Google has closed yet another property, this time, the Google Dictionary is the latest service to get the proverbial ax. The dictionary service is just another in a long line of abandoned Google properties, which include their web directory, Google Labs, and Google Wave, just to name a few.
Before the “Google is burning to the ground” reactions start appearing, it should be noted that Google is doing just fine on the financial end. The shuttling of these properties are little more than housekeeping and the removal of extraneous materials that people may or may not miss. Nevertheless, when Google discontinues something, even something as innocuous as a dedicated dictionary, it’s newsworthy.
That being said, it’s not the end of the world, although some are disappointed. Furthermore, Google is very a “trial and error” company, and if something doesn’t work the way they envisioned, and/or it’s not being used by the masses, the company has no problem scuttling what it considers dead weight. As pointed out by Barry Schwartz, a Google employee ventured to the Google Web Search Help forum to explain Google’s decision.
Simply put, they didn’t need a standalone dictionary any longer, at least from their perspective:
As many of you know, we’ve recently introduced a dictionary tool into Google Web Search to help you quickly look up the definition of a word,. Because the dictionary tool offers the same functionality as Google Dictionary, we’ve decided to discontinue dictionary.google.com.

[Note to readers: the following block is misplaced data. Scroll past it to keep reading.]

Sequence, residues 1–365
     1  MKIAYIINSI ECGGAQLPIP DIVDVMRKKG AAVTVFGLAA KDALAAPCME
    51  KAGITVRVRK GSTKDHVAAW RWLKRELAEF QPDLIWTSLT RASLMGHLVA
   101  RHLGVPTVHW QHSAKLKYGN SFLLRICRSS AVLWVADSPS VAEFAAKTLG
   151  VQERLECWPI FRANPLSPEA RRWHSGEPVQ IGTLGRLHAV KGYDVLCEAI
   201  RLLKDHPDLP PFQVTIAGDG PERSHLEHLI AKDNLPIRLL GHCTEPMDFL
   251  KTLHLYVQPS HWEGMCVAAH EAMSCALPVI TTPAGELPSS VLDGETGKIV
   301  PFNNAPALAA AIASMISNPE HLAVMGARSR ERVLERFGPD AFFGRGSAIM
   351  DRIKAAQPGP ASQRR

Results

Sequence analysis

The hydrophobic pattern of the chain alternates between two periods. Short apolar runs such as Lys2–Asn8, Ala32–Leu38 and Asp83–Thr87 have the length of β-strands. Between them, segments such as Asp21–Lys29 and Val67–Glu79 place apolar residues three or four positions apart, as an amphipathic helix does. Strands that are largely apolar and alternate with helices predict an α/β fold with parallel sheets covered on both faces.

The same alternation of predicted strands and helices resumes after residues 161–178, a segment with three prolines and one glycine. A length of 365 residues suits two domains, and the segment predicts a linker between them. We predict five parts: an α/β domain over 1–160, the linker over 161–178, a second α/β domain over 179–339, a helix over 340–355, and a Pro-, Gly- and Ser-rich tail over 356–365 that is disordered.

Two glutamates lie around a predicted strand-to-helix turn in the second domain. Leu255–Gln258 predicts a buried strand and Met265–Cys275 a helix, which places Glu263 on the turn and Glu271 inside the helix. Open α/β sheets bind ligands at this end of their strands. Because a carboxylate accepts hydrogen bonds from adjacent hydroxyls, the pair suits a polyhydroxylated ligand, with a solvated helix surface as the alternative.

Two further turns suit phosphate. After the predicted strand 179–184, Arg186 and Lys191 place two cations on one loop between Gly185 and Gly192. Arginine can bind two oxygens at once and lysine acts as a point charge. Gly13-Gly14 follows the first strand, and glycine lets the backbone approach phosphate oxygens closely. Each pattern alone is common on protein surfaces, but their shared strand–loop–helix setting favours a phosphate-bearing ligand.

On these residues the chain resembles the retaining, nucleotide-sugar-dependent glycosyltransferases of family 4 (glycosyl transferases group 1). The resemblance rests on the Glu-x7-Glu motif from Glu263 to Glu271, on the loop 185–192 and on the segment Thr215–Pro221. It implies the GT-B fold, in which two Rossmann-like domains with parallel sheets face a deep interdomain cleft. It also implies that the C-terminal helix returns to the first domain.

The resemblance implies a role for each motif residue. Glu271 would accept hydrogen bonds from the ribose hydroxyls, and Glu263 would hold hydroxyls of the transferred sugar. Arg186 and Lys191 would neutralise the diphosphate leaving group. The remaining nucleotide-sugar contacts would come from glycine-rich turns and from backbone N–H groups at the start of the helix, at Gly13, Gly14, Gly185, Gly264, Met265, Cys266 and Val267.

For your definition needs, you can type your query right into the search box and use the dictionary tool located in the left-hand panel on the results page, or you can type [define (your word)] right into the search box.
As Kelly F indicated, the “define:_____” query works just fine. As an example of this, Google’s source for definitions–in this case, a Princeton database–defines the term “consolidation” as, “combining into a solid mass.”
Considering the revenue Google generates, their chosen definition seems fitting.
As for the reaction to the closing of the Google Dictionary, that’s precisely what led Kelly F to issue her response. There’s only so much of this you can take without setting the record straight:
OMG! How can google do this without any warning. I’m not a native user. So, I use Google dictionary all the time. It’s the best dictionary out there. I’ve starred a lot of words too. Now I don’t see a way to get them back. Please google make Google Dictionary available again!!! Definitely a bad move by Google.
Because, apparently, the sources Google gets/got their definitions from are gone as well? Is typing “Dictionary” into a Google search bar really that difficult?
So long, Google Dictionary. We barely knew thee.